"The (RFU) officially would like to inform that it plans to hold talks with these specialists about one of them becoming the head coach of the Russian national team," the union said in a short statement on its website.
Phil Smith, Redknapp's agent, said his client was open to negotiations.
"Absolutely," Smith was quoted as saying by Russian media when asked if Redknapp, sacked by the Spurs last month, would be interested in taking the job.
"Would Harry have a problem coming to Russia? No. He's ready to go and live in any country, especially as big as Russia. I think such offer would definitely interest him if it came, but so far, we haven't heard anything about it."
On Monday, Russian media, quoting RFU and Sports Ministry sources, said Mancini had agreed a four-year deal to become Russia's new coach after officials found a "signed contract" in the safe of former RFU chief Sergei Fursenko.
Fursenko, a close friend of Russian President Vladimir Putin, quit his post last month.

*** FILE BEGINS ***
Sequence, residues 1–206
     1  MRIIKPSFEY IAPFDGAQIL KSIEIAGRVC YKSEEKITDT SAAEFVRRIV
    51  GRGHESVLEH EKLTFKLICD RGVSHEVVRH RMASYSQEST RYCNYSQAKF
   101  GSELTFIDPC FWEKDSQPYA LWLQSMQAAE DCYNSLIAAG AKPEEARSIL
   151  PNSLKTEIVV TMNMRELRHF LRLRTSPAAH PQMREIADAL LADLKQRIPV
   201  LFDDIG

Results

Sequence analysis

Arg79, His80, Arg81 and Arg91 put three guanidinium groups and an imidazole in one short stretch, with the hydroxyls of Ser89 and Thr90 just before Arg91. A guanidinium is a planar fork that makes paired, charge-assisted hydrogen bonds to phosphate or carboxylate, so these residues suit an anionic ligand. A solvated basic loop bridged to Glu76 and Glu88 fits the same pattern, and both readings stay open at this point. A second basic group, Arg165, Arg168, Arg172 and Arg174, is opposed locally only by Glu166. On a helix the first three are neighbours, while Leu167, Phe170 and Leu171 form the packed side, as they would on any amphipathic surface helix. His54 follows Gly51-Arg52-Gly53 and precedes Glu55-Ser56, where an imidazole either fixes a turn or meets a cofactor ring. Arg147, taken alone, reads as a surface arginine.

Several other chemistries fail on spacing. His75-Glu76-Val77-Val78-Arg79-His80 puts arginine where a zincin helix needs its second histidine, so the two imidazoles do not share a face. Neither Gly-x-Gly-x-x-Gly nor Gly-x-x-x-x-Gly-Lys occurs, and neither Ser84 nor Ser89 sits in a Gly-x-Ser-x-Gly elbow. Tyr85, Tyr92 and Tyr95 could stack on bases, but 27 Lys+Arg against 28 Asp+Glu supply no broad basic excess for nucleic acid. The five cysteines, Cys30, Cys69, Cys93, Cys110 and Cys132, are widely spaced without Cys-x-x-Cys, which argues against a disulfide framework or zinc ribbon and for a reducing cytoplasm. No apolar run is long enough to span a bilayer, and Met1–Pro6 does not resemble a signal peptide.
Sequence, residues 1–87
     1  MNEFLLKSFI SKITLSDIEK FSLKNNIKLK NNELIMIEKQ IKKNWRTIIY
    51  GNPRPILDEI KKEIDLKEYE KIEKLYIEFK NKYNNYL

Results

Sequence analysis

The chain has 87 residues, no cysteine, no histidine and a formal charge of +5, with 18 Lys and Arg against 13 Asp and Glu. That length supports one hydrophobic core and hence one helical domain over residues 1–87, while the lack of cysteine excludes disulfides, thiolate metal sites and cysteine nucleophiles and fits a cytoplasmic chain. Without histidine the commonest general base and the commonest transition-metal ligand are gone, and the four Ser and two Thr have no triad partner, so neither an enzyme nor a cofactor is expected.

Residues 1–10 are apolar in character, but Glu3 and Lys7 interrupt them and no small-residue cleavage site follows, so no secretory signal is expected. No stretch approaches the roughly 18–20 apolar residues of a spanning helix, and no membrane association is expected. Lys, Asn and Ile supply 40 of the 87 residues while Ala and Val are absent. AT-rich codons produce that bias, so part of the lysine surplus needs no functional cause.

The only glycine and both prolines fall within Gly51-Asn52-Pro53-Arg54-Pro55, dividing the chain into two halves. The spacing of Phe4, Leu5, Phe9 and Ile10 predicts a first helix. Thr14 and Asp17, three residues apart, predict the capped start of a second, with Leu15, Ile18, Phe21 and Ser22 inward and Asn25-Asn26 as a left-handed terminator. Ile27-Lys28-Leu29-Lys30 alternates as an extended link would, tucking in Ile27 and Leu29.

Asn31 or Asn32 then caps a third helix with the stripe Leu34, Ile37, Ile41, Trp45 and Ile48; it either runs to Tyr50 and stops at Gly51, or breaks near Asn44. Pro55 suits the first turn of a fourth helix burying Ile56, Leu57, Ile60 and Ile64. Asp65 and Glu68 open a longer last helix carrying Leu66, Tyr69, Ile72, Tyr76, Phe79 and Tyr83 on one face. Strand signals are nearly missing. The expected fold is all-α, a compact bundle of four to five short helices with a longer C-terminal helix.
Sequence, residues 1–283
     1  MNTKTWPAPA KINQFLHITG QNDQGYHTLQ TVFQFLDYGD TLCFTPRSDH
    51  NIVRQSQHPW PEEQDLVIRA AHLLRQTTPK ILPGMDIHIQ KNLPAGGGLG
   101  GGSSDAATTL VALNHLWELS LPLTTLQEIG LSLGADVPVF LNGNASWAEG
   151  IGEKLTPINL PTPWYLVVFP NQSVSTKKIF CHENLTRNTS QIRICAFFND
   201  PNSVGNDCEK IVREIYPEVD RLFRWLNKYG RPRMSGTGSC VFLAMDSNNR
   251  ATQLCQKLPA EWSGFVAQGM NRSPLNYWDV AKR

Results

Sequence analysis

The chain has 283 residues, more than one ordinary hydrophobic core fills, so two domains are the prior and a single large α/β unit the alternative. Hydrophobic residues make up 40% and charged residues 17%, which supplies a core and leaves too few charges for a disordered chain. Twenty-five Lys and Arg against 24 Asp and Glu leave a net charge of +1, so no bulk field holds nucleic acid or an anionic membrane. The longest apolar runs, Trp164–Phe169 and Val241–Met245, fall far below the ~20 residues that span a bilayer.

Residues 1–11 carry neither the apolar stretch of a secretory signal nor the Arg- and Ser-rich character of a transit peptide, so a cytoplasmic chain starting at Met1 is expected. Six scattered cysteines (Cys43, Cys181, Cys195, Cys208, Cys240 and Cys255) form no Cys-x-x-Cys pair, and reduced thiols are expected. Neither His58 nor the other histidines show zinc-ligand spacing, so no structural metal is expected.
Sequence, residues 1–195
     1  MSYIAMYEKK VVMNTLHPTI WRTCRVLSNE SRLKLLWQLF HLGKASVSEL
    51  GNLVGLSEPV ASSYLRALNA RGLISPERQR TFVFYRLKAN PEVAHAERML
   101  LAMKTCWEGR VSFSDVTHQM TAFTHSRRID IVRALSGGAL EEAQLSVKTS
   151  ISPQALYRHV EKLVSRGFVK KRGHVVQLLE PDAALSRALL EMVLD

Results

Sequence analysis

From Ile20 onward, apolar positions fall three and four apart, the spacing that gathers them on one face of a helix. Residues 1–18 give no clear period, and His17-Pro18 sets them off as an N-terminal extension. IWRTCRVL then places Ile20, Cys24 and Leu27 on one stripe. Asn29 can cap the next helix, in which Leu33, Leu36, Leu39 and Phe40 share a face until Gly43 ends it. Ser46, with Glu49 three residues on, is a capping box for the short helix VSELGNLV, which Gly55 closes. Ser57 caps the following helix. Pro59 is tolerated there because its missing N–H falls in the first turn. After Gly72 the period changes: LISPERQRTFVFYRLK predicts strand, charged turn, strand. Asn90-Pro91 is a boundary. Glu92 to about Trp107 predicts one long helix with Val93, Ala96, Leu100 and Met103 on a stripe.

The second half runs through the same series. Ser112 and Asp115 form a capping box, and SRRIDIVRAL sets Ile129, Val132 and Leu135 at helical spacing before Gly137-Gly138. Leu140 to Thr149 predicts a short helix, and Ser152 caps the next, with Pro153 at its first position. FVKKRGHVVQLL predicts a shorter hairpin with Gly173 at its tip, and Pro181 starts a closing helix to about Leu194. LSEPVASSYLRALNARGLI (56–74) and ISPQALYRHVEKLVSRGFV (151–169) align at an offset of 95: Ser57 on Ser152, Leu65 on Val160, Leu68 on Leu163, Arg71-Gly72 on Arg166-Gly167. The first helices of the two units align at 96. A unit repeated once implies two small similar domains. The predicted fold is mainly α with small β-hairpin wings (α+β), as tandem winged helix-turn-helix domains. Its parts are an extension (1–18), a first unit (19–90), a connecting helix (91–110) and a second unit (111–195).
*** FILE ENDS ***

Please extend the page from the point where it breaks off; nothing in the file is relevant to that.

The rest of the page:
The RFU was forced to reveal the names of the candidates amid intense media speculation about the job, which became vacant following Dutchman Dick Advocaat's departure after Russia's failure to get past the group phase at Euro 2012.
Others on the RFU list are Russian, including Valery Gazzayev, Anatoly Byshovets and Yuri Semin, who coached the national team in the past but were sacked or quit following a string of poor results.
Former CSKA Moscow boss Gazzayev and Valery Nepomnyashchy, who led Cameroon to the 1990 World Cup quarter-finals, called the selection process a joke.
"It's just a circus and I have no comment on it," Gazzayev was quoted as saying by the Sovietsky Sport newspaper, while 68-year-old Nepomnyashchy said: "My name is on the list? Well, it must be a good joke."
Local media and most football experts said, however, that a Russian would be a long shot for the post, with Capello and Guardiola seen as the early front-runners.